Our findings add to the growing literature on the role of individual heterogeneity in the collective behavior of complex biological (e.g., schools of fish, neurons in a brain, pathogen strains sharing a host, etc.) and artificial (e.g., robot swarms, synthetic microbial communities, etc.) systems. Much like colonies of the clonal raider ant, these systems exhibit patterns that can be interpreted as behavioral convergence [76,78,84–86], divergence , and nonlinear effects of mixing on group-level phenotypes [88–90]. In turn, these patterns affect important processes such as collective decision-making , the transmission and evolution of disease [91,92], and the evolution of cooperative behavior [93,94]. While different variants of threshold-based models have been employed to study several of these systems [95–98], we still lack a unified theoretical framework to understand the consequences of individual differences on collective dynamics . Thus, a comparative approach to the study of the basic organizing principles of heterogeneous systems across scales constitutes an important next step toward understanding the behavior of complex biological systems.
Materials and methods
Four experiments were performed to investigate the effect of genetic composition (2 experiments differing in the brood genotype used), age composition (1 experiment), and morphological composition (1 experiment). Each experiment comprised three treatments (2 with pure colonies, 1 with mixed colonies; S2 Table). All colonies within one experiment were monitored in parallel, but the different experiments were performed separately.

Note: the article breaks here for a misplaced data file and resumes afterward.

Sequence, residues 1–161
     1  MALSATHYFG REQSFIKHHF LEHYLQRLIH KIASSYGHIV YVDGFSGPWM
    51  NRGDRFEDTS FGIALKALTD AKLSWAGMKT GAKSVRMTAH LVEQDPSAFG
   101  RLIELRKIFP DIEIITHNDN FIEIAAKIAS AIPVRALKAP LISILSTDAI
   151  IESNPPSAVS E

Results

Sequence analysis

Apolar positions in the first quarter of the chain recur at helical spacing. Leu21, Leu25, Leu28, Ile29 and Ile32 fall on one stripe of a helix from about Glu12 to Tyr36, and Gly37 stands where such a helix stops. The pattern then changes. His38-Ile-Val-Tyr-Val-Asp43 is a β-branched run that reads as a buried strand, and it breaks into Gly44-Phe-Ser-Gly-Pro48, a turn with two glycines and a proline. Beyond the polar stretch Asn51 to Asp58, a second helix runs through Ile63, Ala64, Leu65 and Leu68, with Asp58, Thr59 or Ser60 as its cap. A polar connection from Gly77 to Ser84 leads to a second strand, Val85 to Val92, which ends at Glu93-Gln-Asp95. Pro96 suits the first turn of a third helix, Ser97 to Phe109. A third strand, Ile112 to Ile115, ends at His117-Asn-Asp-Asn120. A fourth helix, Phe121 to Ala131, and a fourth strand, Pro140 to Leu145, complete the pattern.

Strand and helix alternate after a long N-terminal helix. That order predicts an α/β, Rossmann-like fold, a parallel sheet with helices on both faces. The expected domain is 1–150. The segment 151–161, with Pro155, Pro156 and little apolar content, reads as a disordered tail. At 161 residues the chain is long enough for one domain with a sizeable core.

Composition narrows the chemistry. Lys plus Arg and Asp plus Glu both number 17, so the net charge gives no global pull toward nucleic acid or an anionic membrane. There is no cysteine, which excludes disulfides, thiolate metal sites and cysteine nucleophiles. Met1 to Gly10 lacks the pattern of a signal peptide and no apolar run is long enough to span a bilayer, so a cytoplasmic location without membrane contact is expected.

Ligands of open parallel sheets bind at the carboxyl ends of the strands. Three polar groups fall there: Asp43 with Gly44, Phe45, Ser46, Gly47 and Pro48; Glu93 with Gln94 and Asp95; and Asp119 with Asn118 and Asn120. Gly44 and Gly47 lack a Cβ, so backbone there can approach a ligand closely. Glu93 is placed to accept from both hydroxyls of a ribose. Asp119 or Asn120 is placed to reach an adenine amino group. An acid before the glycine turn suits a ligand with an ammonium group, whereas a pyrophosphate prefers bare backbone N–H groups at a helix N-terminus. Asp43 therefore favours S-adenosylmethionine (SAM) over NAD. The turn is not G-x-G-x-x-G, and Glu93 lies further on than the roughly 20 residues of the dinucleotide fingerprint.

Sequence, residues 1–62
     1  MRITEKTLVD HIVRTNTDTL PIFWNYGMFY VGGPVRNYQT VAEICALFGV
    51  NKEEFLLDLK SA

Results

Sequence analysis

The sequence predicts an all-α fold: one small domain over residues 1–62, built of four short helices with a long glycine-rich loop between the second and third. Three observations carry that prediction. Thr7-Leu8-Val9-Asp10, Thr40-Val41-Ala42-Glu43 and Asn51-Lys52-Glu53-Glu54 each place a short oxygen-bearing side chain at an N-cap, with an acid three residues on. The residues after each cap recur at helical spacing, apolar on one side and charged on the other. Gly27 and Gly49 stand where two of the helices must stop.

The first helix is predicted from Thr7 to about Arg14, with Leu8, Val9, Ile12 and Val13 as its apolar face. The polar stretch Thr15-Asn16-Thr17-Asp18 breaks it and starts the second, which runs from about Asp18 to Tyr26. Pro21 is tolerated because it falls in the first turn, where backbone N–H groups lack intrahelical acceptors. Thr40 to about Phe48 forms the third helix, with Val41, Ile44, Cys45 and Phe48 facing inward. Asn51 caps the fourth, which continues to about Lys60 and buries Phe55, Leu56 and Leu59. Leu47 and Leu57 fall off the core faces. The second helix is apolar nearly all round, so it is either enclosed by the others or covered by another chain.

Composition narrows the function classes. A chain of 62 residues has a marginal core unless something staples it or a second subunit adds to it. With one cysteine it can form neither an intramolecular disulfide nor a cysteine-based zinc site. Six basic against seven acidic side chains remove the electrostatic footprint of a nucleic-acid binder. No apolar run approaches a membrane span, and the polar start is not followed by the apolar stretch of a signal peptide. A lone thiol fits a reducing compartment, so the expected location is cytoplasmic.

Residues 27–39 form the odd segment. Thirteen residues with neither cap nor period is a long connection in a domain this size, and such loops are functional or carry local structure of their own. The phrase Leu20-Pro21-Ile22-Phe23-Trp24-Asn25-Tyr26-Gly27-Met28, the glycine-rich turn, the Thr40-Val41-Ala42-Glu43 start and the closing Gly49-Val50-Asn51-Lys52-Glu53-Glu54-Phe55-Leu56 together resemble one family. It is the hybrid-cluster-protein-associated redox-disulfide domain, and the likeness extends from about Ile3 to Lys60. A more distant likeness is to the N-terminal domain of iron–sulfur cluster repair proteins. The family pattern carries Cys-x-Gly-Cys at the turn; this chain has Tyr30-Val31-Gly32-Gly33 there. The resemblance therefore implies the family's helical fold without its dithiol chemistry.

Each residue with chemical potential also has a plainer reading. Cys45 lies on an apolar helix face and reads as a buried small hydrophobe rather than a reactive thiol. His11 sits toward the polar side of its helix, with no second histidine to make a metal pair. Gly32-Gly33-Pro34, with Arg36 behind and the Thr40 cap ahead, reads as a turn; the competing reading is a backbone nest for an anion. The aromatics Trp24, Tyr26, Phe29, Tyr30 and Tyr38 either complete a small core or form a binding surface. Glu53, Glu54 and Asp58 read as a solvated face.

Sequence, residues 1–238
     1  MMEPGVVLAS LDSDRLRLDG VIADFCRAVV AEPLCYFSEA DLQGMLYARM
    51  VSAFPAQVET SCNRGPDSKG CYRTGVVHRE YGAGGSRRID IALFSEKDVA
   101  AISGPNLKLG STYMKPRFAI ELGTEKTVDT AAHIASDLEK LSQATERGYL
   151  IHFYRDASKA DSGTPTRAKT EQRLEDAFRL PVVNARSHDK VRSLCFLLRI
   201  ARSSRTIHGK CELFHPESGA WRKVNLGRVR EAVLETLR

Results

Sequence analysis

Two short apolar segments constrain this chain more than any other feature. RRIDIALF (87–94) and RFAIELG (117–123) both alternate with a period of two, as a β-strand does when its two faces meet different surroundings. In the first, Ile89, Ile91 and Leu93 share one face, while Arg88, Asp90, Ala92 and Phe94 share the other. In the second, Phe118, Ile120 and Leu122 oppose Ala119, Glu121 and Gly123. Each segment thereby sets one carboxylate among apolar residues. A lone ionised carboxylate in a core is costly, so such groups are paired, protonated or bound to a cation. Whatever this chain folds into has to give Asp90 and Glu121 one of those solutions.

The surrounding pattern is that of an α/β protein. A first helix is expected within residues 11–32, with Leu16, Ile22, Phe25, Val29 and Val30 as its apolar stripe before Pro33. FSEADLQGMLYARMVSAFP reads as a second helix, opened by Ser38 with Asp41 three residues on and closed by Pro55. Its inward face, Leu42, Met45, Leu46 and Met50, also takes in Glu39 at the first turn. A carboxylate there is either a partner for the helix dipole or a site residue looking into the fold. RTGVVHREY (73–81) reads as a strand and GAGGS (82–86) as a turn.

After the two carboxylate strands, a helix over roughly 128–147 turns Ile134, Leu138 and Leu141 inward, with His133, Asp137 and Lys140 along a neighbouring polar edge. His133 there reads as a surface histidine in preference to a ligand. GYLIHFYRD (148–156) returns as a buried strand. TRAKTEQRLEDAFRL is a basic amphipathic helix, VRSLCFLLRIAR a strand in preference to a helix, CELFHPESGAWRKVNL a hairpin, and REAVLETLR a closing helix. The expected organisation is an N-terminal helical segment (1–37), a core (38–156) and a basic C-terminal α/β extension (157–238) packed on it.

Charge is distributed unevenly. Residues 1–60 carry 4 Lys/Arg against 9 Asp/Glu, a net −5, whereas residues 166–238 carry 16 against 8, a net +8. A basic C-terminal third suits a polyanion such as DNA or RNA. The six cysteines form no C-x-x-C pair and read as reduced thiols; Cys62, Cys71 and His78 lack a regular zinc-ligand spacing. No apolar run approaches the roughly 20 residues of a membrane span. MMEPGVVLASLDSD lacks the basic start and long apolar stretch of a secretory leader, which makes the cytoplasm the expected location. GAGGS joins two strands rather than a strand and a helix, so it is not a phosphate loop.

Experimental colonies were composed of workers of controlled age, genotype, and morphology (S2 Table), as well as larvae of controlled genotype and age. Colonies were housed in airtight Petri dishes 5 cm in diameter (corresponding to about 25 ant body lengths) with a plaster of Paris floor, in which the workers formed a nest by freely choosing a location where they piled their larvae. To control individual genotype, clonally related workers were sourced from the same stock colony. We used two commonly used genotypes, A and B [27,51,100,101]. To control individual age, workers were sourced from a single age cohort from the same stock colony. Owing to the synchronized reproduction of O. biroi, all age-matched workers collected this way had eclosed within a day of each other . Young ants were 1 cycle old (approximately 1 month old), and old ants were 3 cycles old (approximately 3 months old). The estimated life span of workers of this species under laboratory conditions is approximately 1 year. To control individual morphology, age-matched regular workers and intercastes from the same stock colony were screened based on body size (small or large) and the absence or presence of vestigial eyes, respectively. From the time they were collected (1 to 3 days after eclosion) until the start of experiments, workers of a given type were kept as a group. All workers were tagged with color marks on the thorax and gaster using oil paint markers. Experimental colonies contained 16 (genetic composition and age composition experiments) or 8 (morphological composition experiment) workers and a matching number of age-matched larvae (4 to 5 days old). This 1:1 larvae-to-workers ratio corresponds to the estimated ratio found in a typical laboratory stock colony. We used 8 (genetic composition and age composition experiments) or 16 (morphological composition experiment) replicate colonies for each group composition, for a total of 120 colonies.
Colony number and size varied across experiments due to constraints on the number of available slots in the tracking system at the time each experiment was performed. However, all colony sizes employed here were previously shown to have high fitness and stable DOL , and all experiments were analyzed separately so that variation in colony size should not impact the results.
The experiments took place in a climate room at 25°C and 75% relative humidity under constant light (O. biroi is blind, and its behavior is not affected by light). Every three days, we cleaned and watered the plaster and added one prey item (live pupae of fire ant minor workers) per live O. biroi larva at a random location within the Petri dish.
Behavioral data acquisition and analysis